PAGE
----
Develop Close Friendships Outside Your Church Family
Sometimes we're too close to our church family to be too close. Maintaining intimate friendships within our own church can be challenging, sometimes devastating. If the friendship disintegrates, it is often awkward and uncomfortable to continue to associate on a weekly basis, as well as at other church functions. And how close do you get? How much can you confide about your own relationships with your husband and other church members without placing them in jeopardy?
Several years ago I confided something of a highly personal nature to a church friend believing I could trust her. Later I discovered I couldn't. She had spread my story with lightning speed and I was crushed. Crushed, but not broken. I still take the risks of friendship within my church because I ain a lover of people and a believer of connectedness within the body. But three of my closest friends are women not in my denomination, strong, spiritual women whom I trust, love and admire. They are not saints. And therein lies their value. We can talk about unsaintly things. We can share our burdens, our sorrows, our joys. Different perspectives, but the same spirit j. ins us. Cultivating friendships outside of your church is not difficult. Nancy Pannell shares that, "God has placed in my path many wonderful people outside our church family. He has given me innumerable opportunities to be salt ... God can (further) enrich our lives when we take a step beyond the church."' This is true in our own lives. They are all around, waiting to be touched by you. Nondenominational Bible-study groups, exercise classes, your favorite bookstore, the park, evening classes at the local community college, twelve-step groups, are all places of friendships in embryo. I made one now-close friend through my dentist. It also takes vulnerability and the releasing of expectations. And it is worth it.
Celebrate Your Femininity!
This past year, in a newsletter to pastor's wives, I was reading valentine's messages pastors had posted to their wives/husbands. While my own husband had penned (wisely for him!) a loving and affirming epistle, a few other pastors had not. One that I read particularly bothered me. It said, "Thank you for helping out in my church." Ouch! MY church? Wasn't it supposed to be OUR church? Too often it is the husband in the forefront celebrated, lauded, pressed for his opinion while his wife is relegated downstage to be taken "as needed." My husband may be a minister, but then, so am L and so is every other child of God. The Apostle Peter tells us, "Husbands, in the same way be considerate as you live with your wives and treat them with respect. I Peter 3:7(NE1T). "He is to be considerate of his wife. That means that he is to be thoughtful and observant of her rights and needs, sensitive to her feelings, respectful of her intelligence and the contribution she makes to his life, to the kingdom and to the (church) family."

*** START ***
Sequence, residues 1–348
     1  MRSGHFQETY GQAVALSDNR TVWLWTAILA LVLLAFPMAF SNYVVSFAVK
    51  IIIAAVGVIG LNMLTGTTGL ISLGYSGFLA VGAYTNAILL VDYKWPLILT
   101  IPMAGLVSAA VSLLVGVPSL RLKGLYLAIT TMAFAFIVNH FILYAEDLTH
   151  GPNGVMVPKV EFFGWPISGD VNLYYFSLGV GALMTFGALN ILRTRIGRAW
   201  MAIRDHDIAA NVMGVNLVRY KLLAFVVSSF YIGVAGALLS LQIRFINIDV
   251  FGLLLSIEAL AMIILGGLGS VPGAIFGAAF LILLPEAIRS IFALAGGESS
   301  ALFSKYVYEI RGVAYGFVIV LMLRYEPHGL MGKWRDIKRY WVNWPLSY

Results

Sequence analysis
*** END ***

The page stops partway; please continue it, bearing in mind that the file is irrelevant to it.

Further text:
You are uniquely suited for the work God has given you in your ministry today. You bring to your church incredible spiritual gifts which no one but you can bestow. Your strengths of nurturing, of evangelism, of discernment, .f teaching as well as a host of others, are as valuable and needed in the eyes of God as those of your pastor husband. Pastoring is just one of many spiritual gifts. We need to celebrate the fact that we are partnered together, male and female, in an tine mmon opportunity to reach others for Christ.
I can honestly say, after fifteen years of ministerial pinnacles, train wrecks, and everything in between, I wouldn't trade what I have lived and learned with my pastor husband for another profession. The hardest lesson for me has been to admit mistakes promptly and often, and of course this has been the most important lesson of all.
It is certain I will never play the organ. But I will continue to encourage others to see themselves as God sees them, to celebrate the path He is leading them along, and to know there are no spiritual limitations to a woman who knows she is called into ministry with her husband.
1 Nancy Pannell, Being a Minister's Wife and Being Yourself (Broadman Press, 1993) p. 80.
2 Linda McGinn, Investing Your Life in Things That Matter, (Broadman & Holman Publishers, 1996) p. 79.
3 Pannell, p. 97.
4 Zig Ziglar, Courtship After Marriage, (Thomas Nelson Publishers, 1990) p. 159.